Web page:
This is a question we are asked time and time again.
“How do you pick an opportunity which you have a good chance of winning?”
So we have decided to share some of our top practical tips which are easy to follow. We believe that picking the right opportunity in many cases is the first of three key steps to increasing you tendering success (we will save the others for another day).
Read the questions- this might sound too simple. but before you even read the specification in detail read the questions. look for trends and patterns. So what does this mean? if all of the questions are fairly generic that’s fine no problem, we have learned very little. However, maybe there is a constant theme within the questions such as Question 1. How will you deliver the contract and report against delivery. Question 2. How will you manage implementation and report progress. You see where this is going. If there is something consistently highlighted then you know that they have potentially had an issue with the reporting from a previous supplier and through emphasising your expertise in this area you can set yourself apart.
Also look out for a question which really stands out. If every question is generic but one question is very specific or highly technical. This is a red flag. Unfortunately in some cases existing supplier or even future supplier can convince procurement teams that they absolutely must have some absurd capability which in turn gives that supplier an advantage. It doesn’t happen often but when it does you can be pretty sure that the supplier who has had that influence will win the contract.
Contract value. Recent regulations removed the restriction on public sector organisations which restricted the value of contracts which can be awarded to SME organisations. Previous legislation allowed public sector organisations to award contracts to companies worth up to 50% of their turnover (e.g. company with £100k turnover could win a 3 year contract worth a total of £150k) despite the removal of the restriction and the previous rule you will very rarely see an organisation awarded a contract worth over 40% of their annual turnover (e.g. company with £100k turnover awarded a contract worth £120k). Regardless of the legislation public sector organisations are still risk averse and rightly so. They have a duty to spend public money responsibly. Giving a £1m turnover company a £10m contract would be madness regardless of legislation. So select realistic opportunities.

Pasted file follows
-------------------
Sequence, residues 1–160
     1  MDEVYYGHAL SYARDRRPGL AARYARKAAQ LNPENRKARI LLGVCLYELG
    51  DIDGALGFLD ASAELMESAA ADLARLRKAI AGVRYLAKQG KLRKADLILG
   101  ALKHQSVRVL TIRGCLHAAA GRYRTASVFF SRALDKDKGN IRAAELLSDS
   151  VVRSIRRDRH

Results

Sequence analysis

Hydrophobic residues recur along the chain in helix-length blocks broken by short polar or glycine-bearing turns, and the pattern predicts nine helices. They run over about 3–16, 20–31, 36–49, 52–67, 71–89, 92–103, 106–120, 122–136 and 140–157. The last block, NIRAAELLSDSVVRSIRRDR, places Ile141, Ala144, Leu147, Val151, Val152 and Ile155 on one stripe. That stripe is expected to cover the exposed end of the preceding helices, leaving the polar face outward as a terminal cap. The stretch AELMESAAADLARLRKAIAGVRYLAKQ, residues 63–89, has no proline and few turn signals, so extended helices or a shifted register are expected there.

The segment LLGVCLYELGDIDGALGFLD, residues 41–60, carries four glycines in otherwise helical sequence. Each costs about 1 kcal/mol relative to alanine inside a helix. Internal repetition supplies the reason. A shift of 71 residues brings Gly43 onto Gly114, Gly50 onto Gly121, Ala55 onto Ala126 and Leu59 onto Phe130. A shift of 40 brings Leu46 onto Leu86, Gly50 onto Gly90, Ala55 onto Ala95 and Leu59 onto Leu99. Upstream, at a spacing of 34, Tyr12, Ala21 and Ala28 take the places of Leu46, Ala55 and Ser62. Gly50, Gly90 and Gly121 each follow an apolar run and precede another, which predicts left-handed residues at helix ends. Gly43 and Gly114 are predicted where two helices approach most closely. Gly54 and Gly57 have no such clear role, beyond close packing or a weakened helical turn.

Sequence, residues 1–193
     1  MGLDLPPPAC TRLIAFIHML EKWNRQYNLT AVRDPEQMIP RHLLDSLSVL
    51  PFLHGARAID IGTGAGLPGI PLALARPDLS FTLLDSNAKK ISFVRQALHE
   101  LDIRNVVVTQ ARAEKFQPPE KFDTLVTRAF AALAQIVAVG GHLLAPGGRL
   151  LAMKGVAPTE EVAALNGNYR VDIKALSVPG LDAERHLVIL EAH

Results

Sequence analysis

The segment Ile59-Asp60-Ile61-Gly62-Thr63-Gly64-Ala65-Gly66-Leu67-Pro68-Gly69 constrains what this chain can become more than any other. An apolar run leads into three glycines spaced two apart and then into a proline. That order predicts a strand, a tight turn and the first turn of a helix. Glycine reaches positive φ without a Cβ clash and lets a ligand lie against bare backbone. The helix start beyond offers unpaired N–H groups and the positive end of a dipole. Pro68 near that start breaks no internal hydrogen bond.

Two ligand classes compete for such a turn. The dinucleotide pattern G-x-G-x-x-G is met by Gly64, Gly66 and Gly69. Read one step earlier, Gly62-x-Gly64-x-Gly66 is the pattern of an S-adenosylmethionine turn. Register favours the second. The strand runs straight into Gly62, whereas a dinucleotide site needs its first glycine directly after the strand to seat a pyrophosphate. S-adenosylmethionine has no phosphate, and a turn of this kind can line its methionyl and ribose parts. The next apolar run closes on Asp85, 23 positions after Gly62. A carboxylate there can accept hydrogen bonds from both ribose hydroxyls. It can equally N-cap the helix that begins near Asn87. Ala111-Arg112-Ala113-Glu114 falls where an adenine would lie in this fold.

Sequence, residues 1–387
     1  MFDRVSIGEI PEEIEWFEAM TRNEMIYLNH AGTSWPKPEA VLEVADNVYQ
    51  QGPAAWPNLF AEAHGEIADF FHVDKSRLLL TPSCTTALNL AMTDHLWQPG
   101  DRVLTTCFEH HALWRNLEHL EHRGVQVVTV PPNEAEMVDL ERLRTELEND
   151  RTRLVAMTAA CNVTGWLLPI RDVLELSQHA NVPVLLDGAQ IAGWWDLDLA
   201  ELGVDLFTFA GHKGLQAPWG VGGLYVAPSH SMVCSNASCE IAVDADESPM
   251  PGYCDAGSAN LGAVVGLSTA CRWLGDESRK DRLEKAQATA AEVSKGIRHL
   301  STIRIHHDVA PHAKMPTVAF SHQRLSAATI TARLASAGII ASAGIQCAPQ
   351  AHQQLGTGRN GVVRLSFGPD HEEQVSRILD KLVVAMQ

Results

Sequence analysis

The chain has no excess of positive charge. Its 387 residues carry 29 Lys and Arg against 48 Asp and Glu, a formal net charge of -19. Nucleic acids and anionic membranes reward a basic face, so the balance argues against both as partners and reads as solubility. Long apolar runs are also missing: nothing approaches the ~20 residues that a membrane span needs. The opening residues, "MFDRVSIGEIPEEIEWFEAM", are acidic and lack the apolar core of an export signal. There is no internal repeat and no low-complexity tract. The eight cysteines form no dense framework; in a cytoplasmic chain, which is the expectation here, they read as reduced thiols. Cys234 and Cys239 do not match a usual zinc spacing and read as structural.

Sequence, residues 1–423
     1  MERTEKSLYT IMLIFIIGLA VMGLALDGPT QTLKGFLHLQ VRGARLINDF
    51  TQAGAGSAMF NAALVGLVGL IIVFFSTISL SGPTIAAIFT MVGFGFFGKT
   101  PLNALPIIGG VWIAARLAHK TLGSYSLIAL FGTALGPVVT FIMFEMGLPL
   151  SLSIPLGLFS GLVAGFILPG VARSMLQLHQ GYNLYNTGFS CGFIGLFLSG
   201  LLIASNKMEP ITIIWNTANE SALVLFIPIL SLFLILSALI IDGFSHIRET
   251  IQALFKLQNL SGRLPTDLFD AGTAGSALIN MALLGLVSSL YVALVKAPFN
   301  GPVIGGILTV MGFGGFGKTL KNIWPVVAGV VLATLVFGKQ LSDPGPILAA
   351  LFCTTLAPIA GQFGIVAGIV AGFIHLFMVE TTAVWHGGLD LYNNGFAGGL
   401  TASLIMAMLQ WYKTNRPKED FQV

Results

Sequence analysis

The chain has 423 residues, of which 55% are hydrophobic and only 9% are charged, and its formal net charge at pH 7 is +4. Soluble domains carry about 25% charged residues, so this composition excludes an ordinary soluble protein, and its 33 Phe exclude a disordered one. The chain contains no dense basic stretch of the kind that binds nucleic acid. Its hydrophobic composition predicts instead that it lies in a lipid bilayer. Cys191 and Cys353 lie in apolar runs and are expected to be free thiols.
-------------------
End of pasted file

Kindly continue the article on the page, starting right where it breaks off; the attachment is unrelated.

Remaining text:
You are often better to focus all focus all of your attention on one opportunity rather than lots of different ones. Just having a go is not an option. No one ever one a contract by just having a go because someone out there will be putting in a lot of time and effort.
Research the service and the current provider. Its amazing the news stories that can pop up of poor service or price increases or public complaints. Its definitely worth 15 minutes of google searching. If it is a regulated industry you can even read some rather official external reports and audits which often highlight strengths and weaknesses of the competition which at worst is useful for developing your response through knowing what you are up against. If you find something truly shocking why not even be a little mischievous and send it to the local newspaper (However this is not something we actively encourage).
Other factors should of course be considered such as deliverability and ability to achieve commercial success through delivery but that would be just stating the obvious.
I hope this has been useful. If you are doing anything different that has been helpful or successful please share we are always looking to learn from the experiences of others.
Thanks for reading
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